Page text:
It’s jarring when you compare the awe-inspiring story of Dakota Meyer’s heroic efforts to rescue fellow Marines from a firefight in Afghanistan with a recent Gallup poll that shows Americans are more concerned about health care, immigration and Social Security than they are about war.

It’s jarring when you compare the awe-inspiring story of Dakota Meyer’s heroic efforts to rescue fellow Marines from a firefight in Afghanistan with a recent Gallup poll that shows Americans are more concerned about health care, immigration and Social Security than they are about war.


Jarring, but maybe not surprising. Despite the horrific and heroic events playing out daily in Afghanistan and Iraq, two factors conspire to dull us to the pain and drama.


One is the protracted economic calamity right here at home, one that has crushed many and frightened all. The other is a volunteer military that means millions of Americans who have no family in harm’s way can focus on their own pain or simply carry on as if it were just another beautiful day.


This editorial isn’t a call for a return to the draft; it’s to reflect on and amplify the amazing efforts and sacrifices being made while we, often blithely, move through our days.


Meyer’s story, for which he was bestowed the Medal of Honor from President Barack Obama, serves as a near transcendent example of what it means to have compassion for others.


The Kentucky man, now 23 and adjusting to civilian life, charged through heavy gunfire on five death-defying trips to rescue comrades ambushed by insurgents in Afghanistan in September 2009.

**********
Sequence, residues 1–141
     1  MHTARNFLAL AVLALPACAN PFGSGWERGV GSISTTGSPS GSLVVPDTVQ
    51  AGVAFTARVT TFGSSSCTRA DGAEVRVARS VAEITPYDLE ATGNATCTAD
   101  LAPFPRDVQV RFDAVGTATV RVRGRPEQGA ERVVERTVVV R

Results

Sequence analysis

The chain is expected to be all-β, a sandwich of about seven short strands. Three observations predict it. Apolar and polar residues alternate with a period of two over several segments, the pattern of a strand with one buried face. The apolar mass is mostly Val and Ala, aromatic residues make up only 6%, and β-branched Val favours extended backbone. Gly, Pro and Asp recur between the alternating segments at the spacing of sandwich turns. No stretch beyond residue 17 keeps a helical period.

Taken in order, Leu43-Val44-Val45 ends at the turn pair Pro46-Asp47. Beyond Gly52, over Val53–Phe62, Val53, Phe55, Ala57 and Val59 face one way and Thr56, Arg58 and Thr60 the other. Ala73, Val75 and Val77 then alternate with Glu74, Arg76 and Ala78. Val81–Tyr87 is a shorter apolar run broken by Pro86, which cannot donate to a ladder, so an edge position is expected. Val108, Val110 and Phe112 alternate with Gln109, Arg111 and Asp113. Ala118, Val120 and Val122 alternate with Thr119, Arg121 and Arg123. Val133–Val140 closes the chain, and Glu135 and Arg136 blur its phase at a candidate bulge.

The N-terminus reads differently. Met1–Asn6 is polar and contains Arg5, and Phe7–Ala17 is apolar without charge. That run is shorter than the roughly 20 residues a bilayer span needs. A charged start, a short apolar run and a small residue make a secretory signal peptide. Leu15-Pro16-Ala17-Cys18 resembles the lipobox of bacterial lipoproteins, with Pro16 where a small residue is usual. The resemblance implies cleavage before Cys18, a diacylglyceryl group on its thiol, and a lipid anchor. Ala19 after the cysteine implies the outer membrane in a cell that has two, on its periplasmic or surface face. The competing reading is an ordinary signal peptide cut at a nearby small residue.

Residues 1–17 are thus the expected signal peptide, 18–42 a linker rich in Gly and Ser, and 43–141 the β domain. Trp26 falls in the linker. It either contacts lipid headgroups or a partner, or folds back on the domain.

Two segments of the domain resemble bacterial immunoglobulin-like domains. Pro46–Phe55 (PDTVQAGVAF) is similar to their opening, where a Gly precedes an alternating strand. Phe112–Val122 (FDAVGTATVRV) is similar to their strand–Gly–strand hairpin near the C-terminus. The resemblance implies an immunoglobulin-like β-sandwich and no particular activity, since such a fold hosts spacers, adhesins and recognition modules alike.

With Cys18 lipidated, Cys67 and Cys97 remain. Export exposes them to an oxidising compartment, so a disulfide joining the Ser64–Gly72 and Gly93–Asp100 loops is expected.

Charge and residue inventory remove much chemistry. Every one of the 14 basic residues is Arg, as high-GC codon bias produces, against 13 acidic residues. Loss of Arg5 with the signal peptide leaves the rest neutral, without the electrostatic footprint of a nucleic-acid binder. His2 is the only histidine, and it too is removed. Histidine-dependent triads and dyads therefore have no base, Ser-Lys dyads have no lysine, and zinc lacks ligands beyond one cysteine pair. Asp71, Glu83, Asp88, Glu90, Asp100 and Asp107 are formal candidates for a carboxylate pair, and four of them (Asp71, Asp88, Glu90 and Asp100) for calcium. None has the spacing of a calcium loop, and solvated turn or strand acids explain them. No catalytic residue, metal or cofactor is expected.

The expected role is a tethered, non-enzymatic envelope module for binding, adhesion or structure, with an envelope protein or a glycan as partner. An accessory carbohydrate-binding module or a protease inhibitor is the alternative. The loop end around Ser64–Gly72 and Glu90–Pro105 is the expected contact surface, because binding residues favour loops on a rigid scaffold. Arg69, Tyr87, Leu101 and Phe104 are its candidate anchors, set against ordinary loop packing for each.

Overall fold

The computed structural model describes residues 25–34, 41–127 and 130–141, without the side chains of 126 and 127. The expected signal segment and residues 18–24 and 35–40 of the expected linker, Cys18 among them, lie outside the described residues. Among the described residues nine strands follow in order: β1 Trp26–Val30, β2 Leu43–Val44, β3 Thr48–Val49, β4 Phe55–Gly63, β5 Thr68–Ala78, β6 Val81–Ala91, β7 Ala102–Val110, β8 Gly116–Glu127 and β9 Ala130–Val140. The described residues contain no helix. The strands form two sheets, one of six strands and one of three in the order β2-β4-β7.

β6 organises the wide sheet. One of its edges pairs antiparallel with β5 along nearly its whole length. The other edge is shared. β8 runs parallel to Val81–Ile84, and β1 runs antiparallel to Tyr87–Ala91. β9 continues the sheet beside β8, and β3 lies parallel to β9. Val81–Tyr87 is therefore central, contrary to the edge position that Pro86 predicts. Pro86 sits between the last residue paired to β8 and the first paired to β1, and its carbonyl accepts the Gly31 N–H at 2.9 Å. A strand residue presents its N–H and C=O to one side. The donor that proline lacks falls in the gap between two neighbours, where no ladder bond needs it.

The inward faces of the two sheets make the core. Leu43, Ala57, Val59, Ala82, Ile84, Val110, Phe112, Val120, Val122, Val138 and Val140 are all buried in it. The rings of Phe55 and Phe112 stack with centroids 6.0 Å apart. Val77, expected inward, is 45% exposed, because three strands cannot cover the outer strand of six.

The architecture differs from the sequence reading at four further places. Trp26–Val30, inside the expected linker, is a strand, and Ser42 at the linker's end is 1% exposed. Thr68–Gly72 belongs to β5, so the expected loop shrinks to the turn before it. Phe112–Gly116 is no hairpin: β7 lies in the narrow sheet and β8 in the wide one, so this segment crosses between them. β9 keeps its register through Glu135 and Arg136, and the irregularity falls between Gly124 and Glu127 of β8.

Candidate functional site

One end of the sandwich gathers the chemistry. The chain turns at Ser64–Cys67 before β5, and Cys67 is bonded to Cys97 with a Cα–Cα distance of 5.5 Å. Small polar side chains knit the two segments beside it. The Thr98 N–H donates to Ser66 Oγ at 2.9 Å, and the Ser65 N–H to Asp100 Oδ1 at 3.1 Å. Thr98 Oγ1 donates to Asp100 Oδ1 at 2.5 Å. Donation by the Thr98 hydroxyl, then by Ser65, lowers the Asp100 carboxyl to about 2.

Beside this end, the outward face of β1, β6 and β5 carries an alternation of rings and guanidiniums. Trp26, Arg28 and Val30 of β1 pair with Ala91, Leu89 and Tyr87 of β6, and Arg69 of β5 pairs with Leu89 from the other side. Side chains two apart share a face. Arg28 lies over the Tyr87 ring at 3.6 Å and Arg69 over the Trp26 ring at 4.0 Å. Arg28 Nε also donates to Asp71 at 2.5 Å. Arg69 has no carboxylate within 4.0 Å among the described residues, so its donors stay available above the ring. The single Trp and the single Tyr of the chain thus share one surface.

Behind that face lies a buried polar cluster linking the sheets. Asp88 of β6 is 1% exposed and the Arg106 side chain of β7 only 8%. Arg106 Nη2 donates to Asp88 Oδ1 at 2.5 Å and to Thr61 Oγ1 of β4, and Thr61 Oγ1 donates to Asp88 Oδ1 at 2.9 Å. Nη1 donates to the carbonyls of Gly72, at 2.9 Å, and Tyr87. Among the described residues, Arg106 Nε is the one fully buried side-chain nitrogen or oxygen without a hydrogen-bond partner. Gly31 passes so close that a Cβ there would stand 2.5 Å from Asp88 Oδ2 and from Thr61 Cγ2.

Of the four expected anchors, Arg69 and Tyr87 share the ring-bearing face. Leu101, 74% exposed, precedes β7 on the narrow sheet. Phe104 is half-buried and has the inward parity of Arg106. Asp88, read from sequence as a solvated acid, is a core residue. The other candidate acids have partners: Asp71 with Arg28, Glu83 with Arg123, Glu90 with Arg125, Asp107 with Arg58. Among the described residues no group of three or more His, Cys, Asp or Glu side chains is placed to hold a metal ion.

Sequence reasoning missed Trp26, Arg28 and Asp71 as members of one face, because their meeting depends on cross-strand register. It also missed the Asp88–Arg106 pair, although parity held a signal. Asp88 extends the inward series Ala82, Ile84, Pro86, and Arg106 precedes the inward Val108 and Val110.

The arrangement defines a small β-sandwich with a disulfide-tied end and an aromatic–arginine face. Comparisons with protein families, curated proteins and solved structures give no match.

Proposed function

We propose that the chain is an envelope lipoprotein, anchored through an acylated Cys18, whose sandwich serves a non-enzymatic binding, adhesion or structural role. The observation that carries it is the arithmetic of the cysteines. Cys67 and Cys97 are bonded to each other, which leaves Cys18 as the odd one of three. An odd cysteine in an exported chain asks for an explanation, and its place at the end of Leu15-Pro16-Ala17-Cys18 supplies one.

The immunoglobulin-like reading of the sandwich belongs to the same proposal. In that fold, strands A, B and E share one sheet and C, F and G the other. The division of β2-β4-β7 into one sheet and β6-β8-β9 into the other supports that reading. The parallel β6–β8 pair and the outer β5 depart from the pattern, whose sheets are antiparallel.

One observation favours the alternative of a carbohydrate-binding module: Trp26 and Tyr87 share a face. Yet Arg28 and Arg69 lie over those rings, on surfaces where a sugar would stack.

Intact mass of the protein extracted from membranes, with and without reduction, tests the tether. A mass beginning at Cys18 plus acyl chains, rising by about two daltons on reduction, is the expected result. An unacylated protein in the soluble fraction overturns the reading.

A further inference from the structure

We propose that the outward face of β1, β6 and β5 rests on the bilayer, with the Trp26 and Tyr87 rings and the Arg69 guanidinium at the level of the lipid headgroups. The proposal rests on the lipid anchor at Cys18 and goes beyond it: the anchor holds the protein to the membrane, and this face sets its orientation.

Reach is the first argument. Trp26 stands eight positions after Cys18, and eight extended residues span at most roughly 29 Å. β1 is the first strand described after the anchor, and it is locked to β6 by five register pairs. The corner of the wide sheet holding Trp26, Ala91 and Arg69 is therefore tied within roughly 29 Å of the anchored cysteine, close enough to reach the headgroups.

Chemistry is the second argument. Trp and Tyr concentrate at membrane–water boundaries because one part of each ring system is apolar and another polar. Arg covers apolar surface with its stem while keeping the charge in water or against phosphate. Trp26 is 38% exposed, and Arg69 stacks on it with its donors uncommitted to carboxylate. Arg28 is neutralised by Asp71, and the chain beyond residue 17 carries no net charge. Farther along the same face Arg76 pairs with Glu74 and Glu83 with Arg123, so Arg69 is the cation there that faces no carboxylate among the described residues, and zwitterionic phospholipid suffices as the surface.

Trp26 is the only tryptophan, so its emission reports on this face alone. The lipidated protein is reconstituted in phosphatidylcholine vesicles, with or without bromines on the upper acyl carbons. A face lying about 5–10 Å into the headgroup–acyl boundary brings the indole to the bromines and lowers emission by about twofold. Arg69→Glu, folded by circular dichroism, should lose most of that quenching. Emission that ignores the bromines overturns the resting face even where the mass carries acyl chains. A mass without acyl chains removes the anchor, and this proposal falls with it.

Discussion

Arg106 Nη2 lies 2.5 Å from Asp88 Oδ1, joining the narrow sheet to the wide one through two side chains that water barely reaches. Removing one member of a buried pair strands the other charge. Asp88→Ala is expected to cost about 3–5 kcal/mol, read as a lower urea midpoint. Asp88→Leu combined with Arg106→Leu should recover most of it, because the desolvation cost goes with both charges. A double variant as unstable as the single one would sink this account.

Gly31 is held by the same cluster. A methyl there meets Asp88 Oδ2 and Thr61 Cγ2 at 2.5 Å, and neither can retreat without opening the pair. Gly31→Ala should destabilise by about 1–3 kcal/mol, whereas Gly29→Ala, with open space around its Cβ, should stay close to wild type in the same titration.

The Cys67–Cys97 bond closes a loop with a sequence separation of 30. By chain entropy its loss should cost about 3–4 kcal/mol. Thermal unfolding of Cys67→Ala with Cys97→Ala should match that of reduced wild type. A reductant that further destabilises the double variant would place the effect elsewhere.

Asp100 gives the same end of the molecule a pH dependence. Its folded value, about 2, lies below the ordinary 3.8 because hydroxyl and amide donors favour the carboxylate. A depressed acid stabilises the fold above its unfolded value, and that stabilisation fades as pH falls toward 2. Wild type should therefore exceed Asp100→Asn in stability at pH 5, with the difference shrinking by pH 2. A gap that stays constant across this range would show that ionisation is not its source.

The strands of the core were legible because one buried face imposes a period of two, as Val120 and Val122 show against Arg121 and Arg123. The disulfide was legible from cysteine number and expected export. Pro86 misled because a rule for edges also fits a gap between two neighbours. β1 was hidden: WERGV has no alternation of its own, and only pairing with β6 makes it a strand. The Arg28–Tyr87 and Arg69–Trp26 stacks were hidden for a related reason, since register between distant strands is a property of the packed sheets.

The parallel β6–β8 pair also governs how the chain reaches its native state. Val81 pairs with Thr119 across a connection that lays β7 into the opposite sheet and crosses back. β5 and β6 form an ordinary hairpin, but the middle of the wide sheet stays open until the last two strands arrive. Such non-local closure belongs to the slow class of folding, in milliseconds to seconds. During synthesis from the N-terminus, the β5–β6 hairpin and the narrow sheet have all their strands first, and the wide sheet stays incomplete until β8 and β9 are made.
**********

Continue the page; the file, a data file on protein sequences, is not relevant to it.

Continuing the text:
All told, Meyer saved 36 lives –– those of 13 Marines and Army soldiers along with 23 Afghan soldiers –– all while providing cover for the troops to fight their way out of a withering, six-hour firefight with the Taliban that killed five other U.S. soldiers.


“It might sound crazy, but it was just, you don’t really think about it, you don’t comprehend it, you don’t really comprehend what you did until looking back on it,” Meyer said.


U.S. Navy SEAL Eric Greitens was interviewed on NPR recently about his new book, “The Heart and the Fist,” which explores what it takes to become a member of the elite unit.


He talked about the grueling process of winnowing the pool of recruits in what is described as the hardest military training in the world. He said when they’ve found the toughest and smartest, they then pick the ones who would put the good and safety of their fellow SEALs above their own.


That ability to focus beyond the self is at the center of the group’s storied success. It’s also possible that finding the same ability at home could be at the center of ours. Never forget.